Efficacy of Acupressure Plus Manipulation for Lumbar Disc Herniation: A Clinical Report
Low back pain is one the most common medical conditions.1 Twenty-six percent of men and 30% of women over 18 years old in the United States suffer from low back pain; for adults over 45 years old, the percentage is 32.1%.2 In Canada, a survey from Saskatchewan found that in a 6-month period, 5 in 10 Canadians suffer from low back pain; up to 85% of working people can expect to experience low back pain during their lifetime.3
Many different problems can cause low back pain, however, lumbar disc herniation (aka, slipped or ruptured disc) is one of the most common causes and most challenging diseases to treat. The treatment of lumbar disc herniation is controversial, with recommendations ranging from conservative approaches—bed rest, nonsteroidal anti-inflammatory drugs (NSAIDs), and manipulation—to more invasive approaches—physiotherapy, epidural steroid injection, and surgery. Conservative treatment generally is considered accessible, safe, and economical, but its long-term effectiveness remains unproven.
In a systematic review, Vroomen et al examined the effectiveness of conservative treatment for sciatica (often caused by disc herniation). The authors concluded that the majority of the conservative therapies “were not superior to placebo, except epidural steroid injection and manipulation.”4
In Western countries, conservative therapy does not include acupressure,4-7 but in Eastern countries such as China, most patients with lumbar disc herniation have been treated by this method and have received excellent clinical results, especially for new-onset injuries. A review of 4 studies found that a high percentage of patients treated with acupressure (70%-80%) had relief of lower back pain and sciatica and were able to return to work and activities of daily living.8-11
We have worked as osteopaths and acupressurists in Canada for 19 years. We have observed many patients with lumbar disc herniation who have experienced unsuccessful conservative treatments but received pain relief from acupressure. Thus, the main objective of this article is to discuss the methodology and results of combining osteopathic medicine and acupressure therapy to treat lumbar disc herniation.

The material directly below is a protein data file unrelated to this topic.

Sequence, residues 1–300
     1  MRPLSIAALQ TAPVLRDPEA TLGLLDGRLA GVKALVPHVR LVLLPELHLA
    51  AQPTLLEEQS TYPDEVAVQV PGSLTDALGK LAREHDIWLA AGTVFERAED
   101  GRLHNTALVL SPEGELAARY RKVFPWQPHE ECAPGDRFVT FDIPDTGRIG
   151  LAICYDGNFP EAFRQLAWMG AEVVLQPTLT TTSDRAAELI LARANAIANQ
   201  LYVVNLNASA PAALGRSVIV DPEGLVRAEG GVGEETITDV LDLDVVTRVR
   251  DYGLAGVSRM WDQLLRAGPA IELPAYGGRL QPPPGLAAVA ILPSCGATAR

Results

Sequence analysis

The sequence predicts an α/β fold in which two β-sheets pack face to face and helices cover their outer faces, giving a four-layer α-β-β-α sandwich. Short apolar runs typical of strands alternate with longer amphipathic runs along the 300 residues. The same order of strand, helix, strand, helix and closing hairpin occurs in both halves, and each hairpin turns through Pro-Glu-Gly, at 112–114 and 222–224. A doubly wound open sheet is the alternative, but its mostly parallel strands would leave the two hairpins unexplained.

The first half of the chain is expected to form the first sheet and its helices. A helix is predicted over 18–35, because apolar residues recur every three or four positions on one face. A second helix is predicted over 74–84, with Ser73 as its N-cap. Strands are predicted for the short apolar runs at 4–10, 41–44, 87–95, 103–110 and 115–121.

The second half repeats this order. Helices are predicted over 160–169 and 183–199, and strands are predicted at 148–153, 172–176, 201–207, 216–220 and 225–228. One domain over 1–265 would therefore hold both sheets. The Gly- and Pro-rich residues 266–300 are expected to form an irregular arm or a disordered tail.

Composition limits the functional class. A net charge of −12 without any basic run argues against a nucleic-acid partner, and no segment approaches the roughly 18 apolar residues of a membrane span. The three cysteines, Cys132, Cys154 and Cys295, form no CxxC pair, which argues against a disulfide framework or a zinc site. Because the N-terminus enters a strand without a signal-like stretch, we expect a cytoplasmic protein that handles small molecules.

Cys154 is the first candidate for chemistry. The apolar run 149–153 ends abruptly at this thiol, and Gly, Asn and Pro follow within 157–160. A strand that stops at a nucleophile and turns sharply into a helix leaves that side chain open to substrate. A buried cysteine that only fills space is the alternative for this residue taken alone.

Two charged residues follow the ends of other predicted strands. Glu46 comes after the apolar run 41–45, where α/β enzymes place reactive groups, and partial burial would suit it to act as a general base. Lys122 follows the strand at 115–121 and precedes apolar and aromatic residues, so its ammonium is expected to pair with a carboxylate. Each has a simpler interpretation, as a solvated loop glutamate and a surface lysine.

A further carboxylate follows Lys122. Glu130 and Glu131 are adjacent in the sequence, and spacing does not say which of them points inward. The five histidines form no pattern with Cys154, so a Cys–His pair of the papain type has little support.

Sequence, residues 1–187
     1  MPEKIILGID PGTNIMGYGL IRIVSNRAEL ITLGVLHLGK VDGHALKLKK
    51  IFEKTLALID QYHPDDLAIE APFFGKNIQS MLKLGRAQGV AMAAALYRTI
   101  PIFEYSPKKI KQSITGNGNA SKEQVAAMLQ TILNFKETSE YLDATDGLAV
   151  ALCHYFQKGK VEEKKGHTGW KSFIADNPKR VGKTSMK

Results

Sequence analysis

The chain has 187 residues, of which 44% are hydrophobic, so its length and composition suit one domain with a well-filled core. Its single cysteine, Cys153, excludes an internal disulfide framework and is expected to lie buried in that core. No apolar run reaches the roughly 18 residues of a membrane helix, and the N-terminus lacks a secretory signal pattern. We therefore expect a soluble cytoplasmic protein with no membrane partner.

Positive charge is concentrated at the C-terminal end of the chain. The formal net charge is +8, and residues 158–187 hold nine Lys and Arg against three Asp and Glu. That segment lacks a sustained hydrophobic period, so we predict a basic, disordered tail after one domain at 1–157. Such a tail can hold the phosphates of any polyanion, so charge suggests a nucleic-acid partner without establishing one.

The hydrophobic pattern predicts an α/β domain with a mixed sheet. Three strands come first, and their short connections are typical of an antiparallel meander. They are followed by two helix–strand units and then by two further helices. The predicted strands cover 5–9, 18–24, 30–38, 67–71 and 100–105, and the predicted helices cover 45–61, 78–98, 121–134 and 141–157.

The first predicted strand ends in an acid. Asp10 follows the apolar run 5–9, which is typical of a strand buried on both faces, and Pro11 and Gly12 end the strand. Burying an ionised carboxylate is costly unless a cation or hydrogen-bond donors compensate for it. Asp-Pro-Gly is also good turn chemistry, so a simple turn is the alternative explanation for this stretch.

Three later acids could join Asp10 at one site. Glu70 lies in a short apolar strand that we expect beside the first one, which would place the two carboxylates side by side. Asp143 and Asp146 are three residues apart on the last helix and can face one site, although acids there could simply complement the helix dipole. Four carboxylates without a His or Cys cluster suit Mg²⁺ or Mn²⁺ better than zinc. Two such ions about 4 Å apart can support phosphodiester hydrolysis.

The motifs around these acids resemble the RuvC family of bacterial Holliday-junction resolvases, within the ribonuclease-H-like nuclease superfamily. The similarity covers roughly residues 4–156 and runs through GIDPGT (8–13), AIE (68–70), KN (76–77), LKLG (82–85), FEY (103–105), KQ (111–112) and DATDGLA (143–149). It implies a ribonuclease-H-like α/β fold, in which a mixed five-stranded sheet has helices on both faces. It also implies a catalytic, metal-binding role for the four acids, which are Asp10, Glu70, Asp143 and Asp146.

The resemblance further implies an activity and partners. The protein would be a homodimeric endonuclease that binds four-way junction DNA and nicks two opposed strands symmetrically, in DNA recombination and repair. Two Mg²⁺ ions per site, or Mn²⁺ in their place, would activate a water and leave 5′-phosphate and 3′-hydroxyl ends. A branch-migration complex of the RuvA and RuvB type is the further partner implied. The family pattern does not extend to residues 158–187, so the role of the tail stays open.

Make-up of Patients
We evaluated 35 patients treated in our clinic over a 12-year period. All 35 patients were diagnosed with lumbar disc herniation by an orthopedist or neurologist and had lower back pain and sciatica that they described as increasing pain or an electrical feeling when coughing and sneezing. Twenty-one out of the 35 patients had magnetic resonance imaging (MRI) or CT scans that confirmed the diagnosis of lumbar disc herniation (15 before therapy, 6 during therapy).
Among the 21 patients that have undergone MRI or CT, 10 patients were diagnosed as having disc herniation with spondyloarthropathy, 4 patients were diagnosed as having disc herniation with spinal stenosis, and 7 patients were diagnosed with disc herniation only.
The 35 patients in the study were divided into 2 subgroups: those with first-onset pain (25 patients) and those with recurrent disc pain (10 patients) (Table 1).